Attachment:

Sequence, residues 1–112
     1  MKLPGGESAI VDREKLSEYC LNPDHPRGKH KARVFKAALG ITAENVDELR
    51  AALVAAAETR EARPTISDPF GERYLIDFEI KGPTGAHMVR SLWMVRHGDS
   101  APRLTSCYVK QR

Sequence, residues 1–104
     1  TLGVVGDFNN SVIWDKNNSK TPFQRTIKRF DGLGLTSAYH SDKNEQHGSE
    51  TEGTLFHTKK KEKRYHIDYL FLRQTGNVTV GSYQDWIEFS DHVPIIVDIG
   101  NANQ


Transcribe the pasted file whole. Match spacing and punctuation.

Sequence, residues 1–112
     1  MKLPGGESAI VDREKLSEYC LNPDHPRGKH KARVFKAALG ITAENVDELR
    51  AALVAAAETR EARPTISDPF GERYLIDFEI KGPTGAHMVR SLWMVRHGDS
   101  APRLTSCYVK QR

Sequence, residues 1–104
     1  TLGVVGDFNN SVIWDKNNSK TPFQRTIKRF DGLGLTSAYH SDKNEQHGSE
    51  TEGTLFHTKK KEKRYHIDYL FLRQTGNVTV GSYQDWIEFS DHVPIIVDIG
   101  NANQ